Numerous third-party Buy Now, Pay Later (BNPL) applications, accessible through app stores, notably lack regulation and legitimacy. These applications, some of which have origins in China, operate without a reputable policy framework or institutional backing. Consumers have expressed apprehension over the data privacy risks associated with these unregulated apps. While certain BNPL providers have robust support systems and non-payment can negatively impact a customer’s credit score, a multitude of unverified apps offer zero-cost EMI financing without a credible foundation. These applications thrive on consumer data, gaining access to users’ contacts and other personal information via mandatory permissions. Concerns have arisen regarding the harassment of consumers by these platforms, which frequently reach out to individuals from the user’s contact list, often inquiring about the user’s financial capacity. Although the government has made considerable attempts to identify and prohibit these apps, the ongoing proliferation of such applications remains a source of apprehension. Of particular concern is the predatory nature of these apps, the target of whom are the students and unemployed of the new generation who have limited or no income sources, forming a substantial user demographic for these services.

A look in to Foreign Jurisprudence

To address consumer concerns about the risks posed by BNPL loans, the UK government intends to regulate BNPL products by amending the Consumer Credit Act 1974 to require FCA approval and affordability checks from lenders, subjecting advertisements and incentives to the Financial Promotion Regime, and allowing consumers to file complaints with the Financial Ombudsman Service. To address similar challenges, the EU Council has voted to modify the Consumer Credit Directive. While the proposed revisions are largely supported, differences in consumer credit regulation across member states may result in inconsistencies. The new laws will require lenders to clarify terms and conditions, assess borrowers’ repayment capabilities and understanding of the loans, and alter pricing guidelines and creditworthiness considerations.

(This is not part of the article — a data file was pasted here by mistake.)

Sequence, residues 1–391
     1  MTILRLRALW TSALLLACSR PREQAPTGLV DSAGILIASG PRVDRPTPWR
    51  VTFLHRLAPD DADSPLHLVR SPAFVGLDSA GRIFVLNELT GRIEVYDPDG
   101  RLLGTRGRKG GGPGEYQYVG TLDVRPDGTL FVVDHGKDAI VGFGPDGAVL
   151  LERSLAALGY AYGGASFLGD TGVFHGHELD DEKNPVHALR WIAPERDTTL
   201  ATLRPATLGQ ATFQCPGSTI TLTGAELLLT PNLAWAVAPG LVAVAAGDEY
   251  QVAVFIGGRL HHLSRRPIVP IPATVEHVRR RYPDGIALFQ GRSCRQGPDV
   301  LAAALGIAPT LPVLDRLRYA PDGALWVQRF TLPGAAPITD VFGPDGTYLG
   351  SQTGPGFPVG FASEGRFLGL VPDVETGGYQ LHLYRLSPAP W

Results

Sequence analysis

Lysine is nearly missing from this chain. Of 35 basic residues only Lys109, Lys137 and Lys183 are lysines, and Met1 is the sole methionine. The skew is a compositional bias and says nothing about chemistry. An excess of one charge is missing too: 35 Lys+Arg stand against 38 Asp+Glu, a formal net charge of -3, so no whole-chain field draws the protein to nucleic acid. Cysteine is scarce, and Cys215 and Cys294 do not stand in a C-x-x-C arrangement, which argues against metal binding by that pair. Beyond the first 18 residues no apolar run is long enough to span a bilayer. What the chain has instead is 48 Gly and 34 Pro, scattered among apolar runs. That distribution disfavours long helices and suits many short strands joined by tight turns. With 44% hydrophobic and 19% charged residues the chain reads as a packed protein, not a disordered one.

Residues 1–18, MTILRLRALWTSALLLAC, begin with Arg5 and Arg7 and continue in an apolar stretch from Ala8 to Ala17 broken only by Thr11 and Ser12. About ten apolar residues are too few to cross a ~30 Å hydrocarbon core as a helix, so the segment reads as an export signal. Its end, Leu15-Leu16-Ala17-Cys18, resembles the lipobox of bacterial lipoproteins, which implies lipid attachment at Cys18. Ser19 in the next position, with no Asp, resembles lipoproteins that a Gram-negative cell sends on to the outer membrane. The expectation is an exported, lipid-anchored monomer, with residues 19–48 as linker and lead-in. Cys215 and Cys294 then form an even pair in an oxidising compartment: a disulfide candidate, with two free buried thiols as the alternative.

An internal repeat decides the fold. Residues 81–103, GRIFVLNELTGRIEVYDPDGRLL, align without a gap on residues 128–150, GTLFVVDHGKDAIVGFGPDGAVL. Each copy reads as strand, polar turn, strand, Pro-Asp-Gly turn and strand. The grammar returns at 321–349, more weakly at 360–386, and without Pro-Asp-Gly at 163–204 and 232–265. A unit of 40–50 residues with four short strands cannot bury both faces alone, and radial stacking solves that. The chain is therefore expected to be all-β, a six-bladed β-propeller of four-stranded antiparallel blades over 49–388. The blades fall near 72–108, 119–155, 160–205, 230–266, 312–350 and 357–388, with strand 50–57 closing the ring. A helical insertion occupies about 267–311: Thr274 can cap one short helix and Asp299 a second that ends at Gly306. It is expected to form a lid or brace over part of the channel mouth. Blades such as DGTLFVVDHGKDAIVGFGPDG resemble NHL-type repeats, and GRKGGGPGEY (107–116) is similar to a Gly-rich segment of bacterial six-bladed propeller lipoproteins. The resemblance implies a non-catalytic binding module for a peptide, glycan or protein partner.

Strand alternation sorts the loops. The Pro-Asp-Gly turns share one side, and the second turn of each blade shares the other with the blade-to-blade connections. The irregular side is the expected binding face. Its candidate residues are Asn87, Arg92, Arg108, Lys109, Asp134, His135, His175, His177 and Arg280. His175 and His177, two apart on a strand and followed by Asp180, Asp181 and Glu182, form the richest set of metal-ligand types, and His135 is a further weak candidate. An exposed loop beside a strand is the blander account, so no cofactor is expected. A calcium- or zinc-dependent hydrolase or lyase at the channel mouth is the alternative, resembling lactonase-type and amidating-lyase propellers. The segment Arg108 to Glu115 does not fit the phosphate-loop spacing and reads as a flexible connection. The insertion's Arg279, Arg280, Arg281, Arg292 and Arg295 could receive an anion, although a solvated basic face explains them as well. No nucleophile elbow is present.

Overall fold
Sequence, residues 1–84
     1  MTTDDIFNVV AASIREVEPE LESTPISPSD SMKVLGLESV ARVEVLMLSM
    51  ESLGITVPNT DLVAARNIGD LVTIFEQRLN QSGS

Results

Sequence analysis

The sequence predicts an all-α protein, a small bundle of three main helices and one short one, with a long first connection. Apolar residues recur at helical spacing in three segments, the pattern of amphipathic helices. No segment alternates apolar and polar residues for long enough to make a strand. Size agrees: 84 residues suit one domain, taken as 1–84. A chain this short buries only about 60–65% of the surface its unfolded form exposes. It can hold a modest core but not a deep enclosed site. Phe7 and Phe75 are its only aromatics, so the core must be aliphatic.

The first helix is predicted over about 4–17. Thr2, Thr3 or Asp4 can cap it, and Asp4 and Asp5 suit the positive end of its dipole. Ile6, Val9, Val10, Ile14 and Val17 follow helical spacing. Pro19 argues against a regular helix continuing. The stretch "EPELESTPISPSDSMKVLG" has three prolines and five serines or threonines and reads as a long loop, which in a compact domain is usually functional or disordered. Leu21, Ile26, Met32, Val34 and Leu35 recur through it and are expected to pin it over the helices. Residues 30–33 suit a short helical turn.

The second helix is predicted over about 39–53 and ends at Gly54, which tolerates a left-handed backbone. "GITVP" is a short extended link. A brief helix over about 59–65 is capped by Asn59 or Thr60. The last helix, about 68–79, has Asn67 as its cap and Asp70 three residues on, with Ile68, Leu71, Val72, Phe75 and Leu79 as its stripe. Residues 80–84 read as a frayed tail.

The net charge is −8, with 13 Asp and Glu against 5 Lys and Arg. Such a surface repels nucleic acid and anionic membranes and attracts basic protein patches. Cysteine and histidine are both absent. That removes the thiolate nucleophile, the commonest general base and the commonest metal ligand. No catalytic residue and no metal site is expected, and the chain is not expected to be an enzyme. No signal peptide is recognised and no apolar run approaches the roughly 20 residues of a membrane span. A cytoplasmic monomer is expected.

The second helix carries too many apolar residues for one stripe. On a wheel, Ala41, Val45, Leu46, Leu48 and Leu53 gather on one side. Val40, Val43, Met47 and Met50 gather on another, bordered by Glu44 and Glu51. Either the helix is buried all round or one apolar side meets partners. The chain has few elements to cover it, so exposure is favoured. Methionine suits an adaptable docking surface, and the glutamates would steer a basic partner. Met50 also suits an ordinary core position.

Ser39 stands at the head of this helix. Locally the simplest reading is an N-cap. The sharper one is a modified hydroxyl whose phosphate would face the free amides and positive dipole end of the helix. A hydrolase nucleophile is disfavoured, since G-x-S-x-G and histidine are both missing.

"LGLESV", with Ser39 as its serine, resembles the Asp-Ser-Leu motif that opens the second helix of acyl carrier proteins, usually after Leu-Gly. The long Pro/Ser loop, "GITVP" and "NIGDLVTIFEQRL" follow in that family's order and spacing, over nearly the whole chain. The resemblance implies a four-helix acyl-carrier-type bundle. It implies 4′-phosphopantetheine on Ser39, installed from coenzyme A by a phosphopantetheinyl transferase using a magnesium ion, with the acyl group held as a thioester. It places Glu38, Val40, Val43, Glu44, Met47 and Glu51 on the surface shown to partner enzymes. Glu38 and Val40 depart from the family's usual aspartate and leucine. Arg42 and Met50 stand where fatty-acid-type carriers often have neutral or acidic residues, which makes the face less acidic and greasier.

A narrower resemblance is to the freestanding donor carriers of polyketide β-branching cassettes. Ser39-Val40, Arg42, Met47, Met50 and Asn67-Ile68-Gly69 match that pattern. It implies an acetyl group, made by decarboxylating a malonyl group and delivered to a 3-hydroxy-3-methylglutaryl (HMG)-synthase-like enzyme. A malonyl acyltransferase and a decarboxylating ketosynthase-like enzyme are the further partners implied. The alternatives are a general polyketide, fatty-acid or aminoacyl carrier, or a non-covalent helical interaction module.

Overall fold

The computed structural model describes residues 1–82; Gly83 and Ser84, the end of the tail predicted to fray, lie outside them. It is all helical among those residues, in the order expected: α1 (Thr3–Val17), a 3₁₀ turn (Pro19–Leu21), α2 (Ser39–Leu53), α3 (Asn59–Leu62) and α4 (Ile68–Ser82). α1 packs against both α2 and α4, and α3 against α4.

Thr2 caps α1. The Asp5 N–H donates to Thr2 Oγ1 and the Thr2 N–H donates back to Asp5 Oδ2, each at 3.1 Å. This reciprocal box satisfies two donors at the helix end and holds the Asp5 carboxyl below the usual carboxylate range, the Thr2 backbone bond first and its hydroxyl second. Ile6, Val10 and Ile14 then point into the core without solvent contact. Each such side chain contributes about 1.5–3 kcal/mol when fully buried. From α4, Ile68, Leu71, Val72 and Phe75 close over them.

In response to a parliamentary inquiry, the Monetary Authority of Singapore (MAS) stated that the potential risks of consumer indebtedness through Buy Now Pay Later (BNPL) schemes offered in Singapore are deemed to be insignificant. This can be attributed to several features incorporated by BNPL providers that limit the extent of debt accumulation by consumers. For instance, BNPL providers typically suspend users from making further purchases once payments are overdue. Moreover, BNPL schemes generally do not charge compounding interest on outstanding amounts, and late fees are capped to prevent excessive debt accumulation. In light of this, the probability of rapid debt accumulation through BNPL schemes is considered to be relatively low in Singapore. However, the MAS has proposed a new regulation that will set a limit on the amount of BNPL transactions for individuals with outstanding unsecured debt, aiming to prevent consumers from accruing high levels of debt through BNPL schemes.

The Road Ahead

In recent years, India’s Buy Now Pay Later (BNPL) market has witnessed remarkable growth, raising concerns that demand swift regulatory attention. While some BNPL providers have voluntarily registered with the Reserve Bank of India (RBI) as Non-Banking Financial Companies (NBFCs) and adhered to relevant NBFC regulations, a more comprehensive regulatory approach is needed to tackle the complex challenges associated with BNPL services.

A critical concern is the lack of transparency in terms and conditions, along with potential fraud, theft, or consumer harassment. Legislation should compel BNPL providers to provide comprehensive terms and conditions to consumers, eliminating hidden fees or deceptive practices. Furthermore, stringent data protection measures must be established to safeguard consumers’ personal and financial information, reducing the risk of data breaches and identity theft. The RBI has acknowledged these challenges by establishing a working group to regulate digital lending platforms, including BNPL services, and create a robust regulatory framework. For instance, the RBI has already acted to discontinue the use of BNPL services for refilling digital wallets. Yet, further regulation is needed, particularly regarding mandatory registration or licensing before BNPL apps can be listed on app stores or the Google Play Store. Mandatory registration will establish regulatory oversight for Buy Now, Pay Later (BNPL) providers, enhancing consumer protection against potential risks inherent in BNPL services, such as excessive debt and data privacy concerns. This framework will ensure equal treatment among all financial institutions, subjecting BNPL providers to the same regulatory standards as other lenders. As a result, consumer confidence in these platforms will be bolstered, imbuing them with a sense of legitimacy.

(This article has been authored by Aditya Chib, a fourth-year law student at National Law Institute University, Bhopal)

CITE AS: Aditya Chib, “BNPL in India: A Convenient Solution with a Dark Side” (The Contemporary Law Forum, 12 November 2023) <> date of access